Nick, Tom, David and Karen are co-directors of a Legal firm. It has 20 staff and an annual turnover of $10 million.
The directors are unconvinced of the benefits of personal insurance to protect their equity in the business. They have a handshake agreement in place and believe that the business can draw on its capital should the requirement to ‘buy out’ one another arise in the future.
Nick unexpectedly passes away. Nick’s family trust owns his shares in the business, which is now represented by his wife Jen.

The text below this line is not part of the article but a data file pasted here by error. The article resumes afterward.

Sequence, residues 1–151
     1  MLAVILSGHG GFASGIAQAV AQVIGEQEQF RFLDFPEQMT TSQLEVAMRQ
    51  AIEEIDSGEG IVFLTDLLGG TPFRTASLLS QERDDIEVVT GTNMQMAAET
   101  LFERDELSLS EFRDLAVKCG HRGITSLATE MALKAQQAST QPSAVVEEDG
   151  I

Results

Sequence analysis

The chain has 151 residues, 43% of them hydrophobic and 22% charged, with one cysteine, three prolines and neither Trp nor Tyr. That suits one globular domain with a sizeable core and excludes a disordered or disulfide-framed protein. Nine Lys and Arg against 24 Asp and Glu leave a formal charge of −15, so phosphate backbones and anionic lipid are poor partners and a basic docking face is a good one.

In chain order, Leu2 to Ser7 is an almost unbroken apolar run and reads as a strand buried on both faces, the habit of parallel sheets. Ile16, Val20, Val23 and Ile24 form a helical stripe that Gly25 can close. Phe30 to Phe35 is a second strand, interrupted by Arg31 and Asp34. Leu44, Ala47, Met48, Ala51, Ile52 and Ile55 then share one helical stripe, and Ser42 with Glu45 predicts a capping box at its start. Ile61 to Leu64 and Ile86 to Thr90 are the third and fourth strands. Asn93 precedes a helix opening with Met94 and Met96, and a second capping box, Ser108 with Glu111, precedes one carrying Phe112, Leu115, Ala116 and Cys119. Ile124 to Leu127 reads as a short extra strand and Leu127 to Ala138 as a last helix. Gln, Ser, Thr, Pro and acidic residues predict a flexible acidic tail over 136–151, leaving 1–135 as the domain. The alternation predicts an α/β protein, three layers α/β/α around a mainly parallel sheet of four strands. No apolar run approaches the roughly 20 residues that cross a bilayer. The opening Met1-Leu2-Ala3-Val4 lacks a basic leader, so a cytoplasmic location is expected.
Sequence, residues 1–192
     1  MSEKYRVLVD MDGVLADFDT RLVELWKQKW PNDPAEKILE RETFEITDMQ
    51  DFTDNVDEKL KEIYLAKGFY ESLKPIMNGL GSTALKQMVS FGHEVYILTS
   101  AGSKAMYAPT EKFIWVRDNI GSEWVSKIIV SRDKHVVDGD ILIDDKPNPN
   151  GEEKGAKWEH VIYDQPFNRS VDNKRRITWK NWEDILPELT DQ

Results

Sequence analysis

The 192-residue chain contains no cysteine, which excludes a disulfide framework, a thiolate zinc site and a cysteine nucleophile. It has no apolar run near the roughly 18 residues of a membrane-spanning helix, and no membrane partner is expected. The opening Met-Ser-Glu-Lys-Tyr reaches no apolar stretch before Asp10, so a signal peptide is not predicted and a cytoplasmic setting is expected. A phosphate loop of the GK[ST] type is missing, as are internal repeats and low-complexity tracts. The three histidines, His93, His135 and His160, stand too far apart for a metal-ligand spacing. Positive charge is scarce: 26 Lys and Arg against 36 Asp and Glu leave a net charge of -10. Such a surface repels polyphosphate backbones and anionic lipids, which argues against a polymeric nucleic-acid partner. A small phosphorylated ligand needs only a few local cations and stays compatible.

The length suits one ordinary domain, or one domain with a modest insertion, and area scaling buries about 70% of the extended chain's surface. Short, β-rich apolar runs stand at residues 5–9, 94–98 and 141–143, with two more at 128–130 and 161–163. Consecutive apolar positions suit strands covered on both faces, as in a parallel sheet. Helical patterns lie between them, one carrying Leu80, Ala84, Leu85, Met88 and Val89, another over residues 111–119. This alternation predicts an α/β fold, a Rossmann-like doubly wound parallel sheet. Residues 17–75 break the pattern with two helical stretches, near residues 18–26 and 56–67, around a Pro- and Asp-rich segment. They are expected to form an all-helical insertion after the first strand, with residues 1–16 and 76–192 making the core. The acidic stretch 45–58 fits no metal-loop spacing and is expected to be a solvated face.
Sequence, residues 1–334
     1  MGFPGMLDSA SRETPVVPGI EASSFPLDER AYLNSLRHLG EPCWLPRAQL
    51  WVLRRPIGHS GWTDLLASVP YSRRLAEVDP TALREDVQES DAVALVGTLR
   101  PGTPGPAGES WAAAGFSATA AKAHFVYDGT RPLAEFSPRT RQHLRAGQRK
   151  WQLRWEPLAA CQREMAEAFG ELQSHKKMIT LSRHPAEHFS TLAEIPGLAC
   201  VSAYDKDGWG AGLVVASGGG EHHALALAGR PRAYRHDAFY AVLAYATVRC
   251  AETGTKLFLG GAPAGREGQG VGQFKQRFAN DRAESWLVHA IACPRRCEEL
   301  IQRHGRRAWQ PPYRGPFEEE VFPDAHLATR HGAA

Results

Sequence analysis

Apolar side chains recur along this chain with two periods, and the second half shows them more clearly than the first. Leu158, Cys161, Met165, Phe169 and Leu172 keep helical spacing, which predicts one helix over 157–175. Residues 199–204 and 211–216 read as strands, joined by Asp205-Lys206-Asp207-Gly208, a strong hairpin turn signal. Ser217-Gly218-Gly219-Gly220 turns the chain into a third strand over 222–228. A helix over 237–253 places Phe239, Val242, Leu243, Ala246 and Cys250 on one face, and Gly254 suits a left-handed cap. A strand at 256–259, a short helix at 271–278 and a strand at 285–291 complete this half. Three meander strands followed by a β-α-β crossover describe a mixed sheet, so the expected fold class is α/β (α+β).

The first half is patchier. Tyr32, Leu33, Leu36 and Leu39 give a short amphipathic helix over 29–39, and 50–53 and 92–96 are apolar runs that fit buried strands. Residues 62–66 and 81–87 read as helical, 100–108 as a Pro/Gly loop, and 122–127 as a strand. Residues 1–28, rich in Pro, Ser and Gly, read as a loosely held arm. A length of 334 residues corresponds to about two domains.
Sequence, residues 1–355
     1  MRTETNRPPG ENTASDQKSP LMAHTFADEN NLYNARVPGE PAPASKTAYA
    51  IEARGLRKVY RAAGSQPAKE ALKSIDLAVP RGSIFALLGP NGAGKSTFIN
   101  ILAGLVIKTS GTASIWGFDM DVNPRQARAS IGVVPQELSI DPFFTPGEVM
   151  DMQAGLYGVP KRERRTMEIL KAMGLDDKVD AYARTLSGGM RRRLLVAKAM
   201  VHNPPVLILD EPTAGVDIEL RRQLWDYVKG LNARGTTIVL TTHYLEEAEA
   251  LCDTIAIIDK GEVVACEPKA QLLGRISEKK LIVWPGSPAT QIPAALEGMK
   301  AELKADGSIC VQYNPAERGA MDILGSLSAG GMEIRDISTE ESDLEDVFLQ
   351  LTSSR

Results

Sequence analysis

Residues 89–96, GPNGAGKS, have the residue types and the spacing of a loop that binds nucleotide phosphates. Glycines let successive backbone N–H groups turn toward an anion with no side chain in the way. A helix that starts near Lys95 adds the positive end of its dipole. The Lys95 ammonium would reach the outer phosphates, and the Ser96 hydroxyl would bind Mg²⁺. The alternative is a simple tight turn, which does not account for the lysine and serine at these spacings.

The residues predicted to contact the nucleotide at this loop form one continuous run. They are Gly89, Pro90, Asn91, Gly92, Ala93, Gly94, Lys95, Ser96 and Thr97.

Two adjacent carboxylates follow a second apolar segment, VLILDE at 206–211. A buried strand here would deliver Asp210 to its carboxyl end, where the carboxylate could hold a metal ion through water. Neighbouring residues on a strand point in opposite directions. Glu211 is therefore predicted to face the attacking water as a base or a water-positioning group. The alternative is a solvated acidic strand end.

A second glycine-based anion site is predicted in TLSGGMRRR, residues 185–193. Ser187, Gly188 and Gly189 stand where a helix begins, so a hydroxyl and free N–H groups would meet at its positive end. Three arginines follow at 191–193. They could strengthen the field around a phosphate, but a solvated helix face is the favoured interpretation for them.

Jen wants to sell the shares and the remaining directors offer to pay $2 million for Nick’s shares. Jen requests an independent valuation and it reveals that the shares are worth $3 million.
The remaining directors cannot fund the purchase. Twelve months on, Jen and the remaining directors are still gridlocked.
Have a Buy/Sell Arrangement in place. Directors need supporting insurance policies to fund the exchange in shares in a business, and its true value is often underestimated.
An agreement could have provided for a seamless transfer of Nick’s ownership interest to the remaining directors whilst ensuring Jen received adequate consideration for relinquishing the business equity she inherited from Nick.